Cape Breton coal mining suspended after new roof collapse; no injuries reported
By Michael TuttonHealth & Safety Industry Mining & Resources
DONKIN, N.S. – Operations at Canada’s only operating underground coal mine have been suspended due to another roof collapse, this time in the entrance tunnel to the Cape Breton colliery.
Nova Scotia’s Labour Department said Monday that inspectors have been sent to the mine to look at the extent of the rock fall that occurred over the weekend, when no workers were in the area.
Scott Nauss, the province’s senior director of inspection compliance, says there were no injuries in the incident, which comes after a series of roof collapses last year in working areas of the Donkin mine.
Kameron Coal’s operations in Cape Breton were suspended for just under a month in late December before the company was allowed to partially resume activities in one portion of the mine while it prepared a revised roof support plan.
The roof plan approved on May 7 allowed the company to mine in two sections of the Donkin mine totalling 730 metres of added rock face.
In late May, there was also a temporary closure of the mine after a small methane fire broke out and was rapidly extinguished along one rock face.
The last suspension of mining at Donkin due to a roof collapse occurred after Christmas, resulting in the province ordering the company to seek independent advice on a fresh roof plan.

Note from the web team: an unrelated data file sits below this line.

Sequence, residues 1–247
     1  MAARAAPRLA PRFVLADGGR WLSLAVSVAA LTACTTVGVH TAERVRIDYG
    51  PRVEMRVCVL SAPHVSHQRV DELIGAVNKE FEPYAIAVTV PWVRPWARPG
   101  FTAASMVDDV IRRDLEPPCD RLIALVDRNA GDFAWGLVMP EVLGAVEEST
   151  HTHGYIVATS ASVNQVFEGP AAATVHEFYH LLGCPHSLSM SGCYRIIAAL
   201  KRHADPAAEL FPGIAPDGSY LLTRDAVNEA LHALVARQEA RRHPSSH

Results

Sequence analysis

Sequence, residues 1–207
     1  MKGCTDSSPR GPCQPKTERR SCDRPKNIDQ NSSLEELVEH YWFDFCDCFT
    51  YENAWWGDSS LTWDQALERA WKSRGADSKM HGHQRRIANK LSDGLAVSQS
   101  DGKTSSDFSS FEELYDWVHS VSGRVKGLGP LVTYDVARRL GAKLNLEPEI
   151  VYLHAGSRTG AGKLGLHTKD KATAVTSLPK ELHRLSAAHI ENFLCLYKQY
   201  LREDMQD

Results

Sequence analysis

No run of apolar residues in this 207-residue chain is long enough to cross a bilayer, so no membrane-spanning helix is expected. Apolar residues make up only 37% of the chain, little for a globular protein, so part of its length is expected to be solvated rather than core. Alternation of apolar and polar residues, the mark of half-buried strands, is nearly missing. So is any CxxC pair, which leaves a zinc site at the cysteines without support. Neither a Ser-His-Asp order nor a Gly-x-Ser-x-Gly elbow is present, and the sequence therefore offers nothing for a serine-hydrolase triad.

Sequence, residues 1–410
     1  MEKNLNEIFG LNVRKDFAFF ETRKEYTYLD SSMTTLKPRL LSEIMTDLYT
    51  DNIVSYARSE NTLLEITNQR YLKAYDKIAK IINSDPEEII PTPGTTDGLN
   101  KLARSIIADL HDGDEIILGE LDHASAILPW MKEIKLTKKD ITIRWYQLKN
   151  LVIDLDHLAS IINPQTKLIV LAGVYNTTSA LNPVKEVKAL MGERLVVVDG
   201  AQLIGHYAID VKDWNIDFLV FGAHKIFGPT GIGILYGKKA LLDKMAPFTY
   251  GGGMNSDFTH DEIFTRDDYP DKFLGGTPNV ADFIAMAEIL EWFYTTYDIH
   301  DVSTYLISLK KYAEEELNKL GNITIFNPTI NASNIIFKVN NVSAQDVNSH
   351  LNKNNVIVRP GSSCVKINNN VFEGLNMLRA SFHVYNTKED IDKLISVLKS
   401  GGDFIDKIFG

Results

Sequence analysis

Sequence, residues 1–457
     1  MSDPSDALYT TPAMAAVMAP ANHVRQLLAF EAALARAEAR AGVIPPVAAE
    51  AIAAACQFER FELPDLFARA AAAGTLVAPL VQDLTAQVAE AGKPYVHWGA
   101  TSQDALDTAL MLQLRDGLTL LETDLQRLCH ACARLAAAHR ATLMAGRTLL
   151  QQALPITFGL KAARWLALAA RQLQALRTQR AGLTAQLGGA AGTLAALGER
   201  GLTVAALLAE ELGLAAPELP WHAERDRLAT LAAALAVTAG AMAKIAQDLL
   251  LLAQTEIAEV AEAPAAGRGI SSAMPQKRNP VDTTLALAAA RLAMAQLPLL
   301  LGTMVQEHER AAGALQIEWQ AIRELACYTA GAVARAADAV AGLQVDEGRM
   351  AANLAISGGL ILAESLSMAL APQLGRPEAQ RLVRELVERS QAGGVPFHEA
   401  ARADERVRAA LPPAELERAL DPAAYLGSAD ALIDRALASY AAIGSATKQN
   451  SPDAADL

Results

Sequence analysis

It was the second collapse that month.
The December collapses came 11 weeks after a six-day closure in October, which was ordered after the company didn’t report two massive cave-ins within the required 24 hours.
Inspection documents say both reported collapses had spanned the entire six-metre width of a passage, as slabs of rock fell and left a ceiling gap up to almost four metres deep. The first rock fall ran over 18 metres along the underground roadway, while the second was about a third of the length of a football field.
The delay in reporting the falls resulted in a citation for contravention of the province’s underground mining regulations. There was no fine for that infraction.
The company was fined $2,000 for an accumulation of combustible coal dust and $2,000 for failing to implement the original roof plan in a way that “may have provided an indication that the roof strata were exhibiting signs of potential failure.”
As with the earlier collapses, no workers were injured.
Nauss said the extent of the roof fall in the latest incident hadn’t been determined yet, as inspectors were still examining the damage on Monday morning.
However, he said access to the mine was impeded.